In the headlines this week: 16th century rocket cats. That’s right, experts recently revealed that a military manual dating from around 1530 imagined the use of cats and birds as weapons of war, with gunpowder-filled “jet packs” strapped to their backs to set fire to enemy castles or cities.
According to this article in The Guardian, the academics studying the manuscript believe that cats would be poor weapons. Given their preference for staying close to home and doing pretty much as they please, a gunpowder-toting kitty would be more likely to set fire to his master’s camp than to go near a strange castle.
However, the photo above, obtained from a top-sekrit source, indicates that some testing of rocket cats may have been carried on long after castle walls fell, and may indeed be going on to this day.
Image via cheezburger.com
Yesterday at the ScienceOnline conference, we had a great conversation led by Tara Haelle about the importance of images in science communication. Alas, the subject of lolcats did not arise, so I will address it here. Lolcats are, in fact, the key to all successful science communication. The effective deployment of lolcats is a secret scicomm weapon of mass destruction, by means of cuteness-induced head explosions (See Fig. 1 above. Boom.)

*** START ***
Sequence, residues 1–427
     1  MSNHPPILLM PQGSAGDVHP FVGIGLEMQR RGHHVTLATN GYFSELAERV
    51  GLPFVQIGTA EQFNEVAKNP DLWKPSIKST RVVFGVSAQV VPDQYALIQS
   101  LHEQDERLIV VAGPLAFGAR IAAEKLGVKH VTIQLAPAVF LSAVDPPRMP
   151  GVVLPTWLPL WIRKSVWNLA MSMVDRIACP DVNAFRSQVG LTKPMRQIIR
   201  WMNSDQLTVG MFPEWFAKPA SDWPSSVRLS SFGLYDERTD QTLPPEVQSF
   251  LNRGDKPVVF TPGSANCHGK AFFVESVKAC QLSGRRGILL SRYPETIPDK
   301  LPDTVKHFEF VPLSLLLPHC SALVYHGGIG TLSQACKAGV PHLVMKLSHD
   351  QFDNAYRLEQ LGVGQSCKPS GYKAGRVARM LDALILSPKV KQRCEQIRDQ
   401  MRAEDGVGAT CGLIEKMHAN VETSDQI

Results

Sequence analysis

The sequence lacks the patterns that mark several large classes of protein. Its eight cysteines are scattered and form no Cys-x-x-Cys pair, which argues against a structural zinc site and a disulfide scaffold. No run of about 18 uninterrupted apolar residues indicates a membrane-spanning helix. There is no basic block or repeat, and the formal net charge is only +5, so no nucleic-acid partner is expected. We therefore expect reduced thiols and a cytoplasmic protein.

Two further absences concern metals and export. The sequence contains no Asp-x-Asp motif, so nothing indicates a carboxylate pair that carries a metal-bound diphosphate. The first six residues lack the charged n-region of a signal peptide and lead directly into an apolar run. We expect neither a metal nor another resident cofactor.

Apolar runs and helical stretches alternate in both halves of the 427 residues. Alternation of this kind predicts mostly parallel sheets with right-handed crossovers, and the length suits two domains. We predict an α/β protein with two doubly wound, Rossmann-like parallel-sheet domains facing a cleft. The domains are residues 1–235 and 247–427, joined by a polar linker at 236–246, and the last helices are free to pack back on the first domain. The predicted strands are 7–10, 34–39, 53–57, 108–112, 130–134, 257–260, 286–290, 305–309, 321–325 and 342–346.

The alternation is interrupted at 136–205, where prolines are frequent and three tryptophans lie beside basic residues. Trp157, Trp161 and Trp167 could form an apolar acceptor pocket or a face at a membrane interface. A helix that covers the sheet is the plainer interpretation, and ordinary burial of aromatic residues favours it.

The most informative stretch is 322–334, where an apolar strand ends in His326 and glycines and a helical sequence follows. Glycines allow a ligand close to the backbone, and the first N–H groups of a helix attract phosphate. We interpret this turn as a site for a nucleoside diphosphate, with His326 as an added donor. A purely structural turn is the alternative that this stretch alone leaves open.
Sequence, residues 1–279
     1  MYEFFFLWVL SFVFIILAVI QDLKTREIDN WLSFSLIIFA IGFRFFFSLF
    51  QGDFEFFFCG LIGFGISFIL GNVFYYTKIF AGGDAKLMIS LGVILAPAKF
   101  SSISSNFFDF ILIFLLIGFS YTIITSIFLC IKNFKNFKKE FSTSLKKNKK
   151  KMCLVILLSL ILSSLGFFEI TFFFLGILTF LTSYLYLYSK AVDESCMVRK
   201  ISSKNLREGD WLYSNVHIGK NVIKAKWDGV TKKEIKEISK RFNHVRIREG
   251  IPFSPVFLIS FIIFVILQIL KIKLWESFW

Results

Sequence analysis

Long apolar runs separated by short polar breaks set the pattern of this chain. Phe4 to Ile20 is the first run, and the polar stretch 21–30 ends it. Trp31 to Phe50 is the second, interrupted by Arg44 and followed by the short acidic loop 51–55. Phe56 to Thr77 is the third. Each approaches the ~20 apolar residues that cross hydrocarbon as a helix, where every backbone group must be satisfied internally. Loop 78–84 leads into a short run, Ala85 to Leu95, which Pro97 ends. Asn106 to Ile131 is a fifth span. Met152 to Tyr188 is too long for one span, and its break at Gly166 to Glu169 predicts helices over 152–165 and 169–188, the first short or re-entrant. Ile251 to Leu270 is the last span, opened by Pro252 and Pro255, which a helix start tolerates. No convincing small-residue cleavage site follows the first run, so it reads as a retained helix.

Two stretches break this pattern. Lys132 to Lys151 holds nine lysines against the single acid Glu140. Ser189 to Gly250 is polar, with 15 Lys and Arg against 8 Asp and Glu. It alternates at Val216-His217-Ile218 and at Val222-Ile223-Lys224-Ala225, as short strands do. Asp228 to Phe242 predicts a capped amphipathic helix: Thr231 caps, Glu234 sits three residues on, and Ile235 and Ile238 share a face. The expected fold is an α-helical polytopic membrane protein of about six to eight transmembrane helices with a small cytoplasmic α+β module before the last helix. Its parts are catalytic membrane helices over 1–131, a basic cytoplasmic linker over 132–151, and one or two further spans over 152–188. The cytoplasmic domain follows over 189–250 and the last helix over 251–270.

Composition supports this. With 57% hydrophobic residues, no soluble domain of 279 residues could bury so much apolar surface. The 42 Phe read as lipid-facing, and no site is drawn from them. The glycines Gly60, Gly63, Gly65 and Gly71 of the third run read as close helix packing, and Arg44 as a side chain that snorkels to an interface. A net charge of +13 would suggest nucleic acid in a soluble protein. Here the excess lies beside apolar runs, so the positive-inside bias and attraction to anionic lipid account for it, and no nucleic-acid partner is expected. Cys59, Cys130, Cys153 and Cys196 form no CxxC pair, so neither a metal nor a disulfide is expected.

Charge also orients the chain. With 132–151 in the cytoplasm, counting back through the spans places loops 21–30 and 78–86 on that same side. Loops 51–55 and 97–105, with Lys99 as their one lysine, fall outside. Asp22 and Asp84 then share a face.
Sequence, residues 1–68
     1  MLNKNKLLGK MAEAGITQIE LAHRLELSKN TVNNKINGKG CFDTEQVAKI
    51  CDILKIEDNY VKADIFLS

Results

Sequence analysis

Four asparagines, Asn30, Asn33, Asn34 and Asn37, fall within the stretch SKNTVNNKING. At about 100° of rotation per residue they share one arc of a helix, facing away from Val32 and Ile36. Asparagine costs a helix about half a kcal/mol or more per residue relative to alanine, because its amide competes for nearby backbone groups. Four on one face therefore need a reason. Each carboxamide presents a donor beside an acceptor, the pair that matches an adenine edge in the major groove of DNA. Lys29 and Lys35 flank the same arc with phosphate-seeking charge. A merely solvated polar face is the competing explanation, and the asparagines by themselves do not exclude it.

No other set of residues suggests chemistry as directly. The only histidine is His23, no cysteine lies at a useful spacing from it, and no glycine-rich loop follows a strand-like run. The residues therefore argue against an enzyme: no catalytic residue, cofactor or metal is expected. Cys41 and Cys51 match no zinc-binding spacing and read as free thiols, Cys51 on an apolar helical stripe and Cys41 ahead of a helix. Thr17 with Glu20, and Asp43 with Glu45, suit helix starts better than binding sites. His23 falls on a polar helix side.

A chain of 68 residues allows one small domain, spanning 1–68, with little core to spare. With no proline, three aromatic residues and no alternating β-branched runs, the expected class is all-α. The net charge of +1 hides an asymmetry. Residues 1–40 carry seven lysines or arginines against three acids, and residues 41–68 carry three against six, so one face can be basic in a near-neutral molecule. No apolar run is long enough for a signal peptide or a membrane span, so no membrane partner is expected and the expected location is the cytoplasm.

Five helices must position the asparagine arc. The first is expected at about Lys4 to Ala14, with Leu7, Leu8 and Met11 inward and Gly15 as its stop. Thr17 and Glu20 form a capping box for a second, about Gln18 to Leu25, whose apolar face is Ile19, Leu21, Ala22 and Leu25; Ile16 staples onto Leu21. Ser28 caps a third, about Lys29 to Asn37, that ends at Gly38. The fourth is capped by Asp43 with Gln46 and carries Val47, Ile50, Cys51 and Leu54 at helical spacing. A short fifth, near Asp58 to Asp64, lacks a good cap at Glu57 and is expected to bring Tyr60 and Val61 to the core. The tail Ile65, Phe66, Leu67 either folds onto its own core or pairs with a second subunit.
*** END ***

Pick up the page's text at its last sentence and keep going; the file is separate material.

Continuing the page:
Science communicators should exercise caution when using lolcats to illustrate scientific concepts, however, because it turns out that cats are exempt from certain laws of science.
Fig. 2. Effective use of lolcat to illustrate gravity
Fig. 3. Oops.
Sorry kitties, that’s not quite how it happened. Luckily, we’ll get a refresher on the origins of the universe when the reboot of Carl Sagan’s classic Cosmos series kicks off on March 9, with new host Neil DeGrasse Tyson. In the meantime, you can read this terrific article by Joel Achenbach in Smithsonian Magazine about Sagan’s impact and legacy.
lolcat via cheezburger.com
Thousands of science kitties have gathered in Chicago this week for the AAAS Annual Meeting, where they get together to discuss the latest research on catnip addiction and hold panels on the causes of dogs’ inability to read. You can follow along on twitter with hashtag #AAASmtg or see some sessions live-streamed online.
Yayyy, training is ober, LOLympics is here for realz. Stay with the Finch and Pea as we bring you all the kitteh action from Sochi.